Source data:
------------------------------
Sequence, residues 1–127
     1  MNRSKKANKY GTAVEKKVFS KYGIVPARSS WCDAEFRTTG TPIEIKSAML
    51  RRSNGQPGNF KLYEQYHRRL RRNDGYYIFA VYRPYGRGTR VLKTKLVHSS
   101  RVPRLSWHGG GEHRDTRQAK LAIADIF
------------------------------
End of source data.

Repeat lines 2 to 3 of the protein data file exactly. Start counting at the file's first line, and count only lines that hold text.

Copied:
     1  MNRSKKANKY GTAVEKKVFS KYGIVPARSS WCDAEFRTTG TPIEIKSAML
    51  RRSNGQPGNF KLYEQYHRRL RRNDGYYIFA VYRPYGRGTR VLKTKLVHSS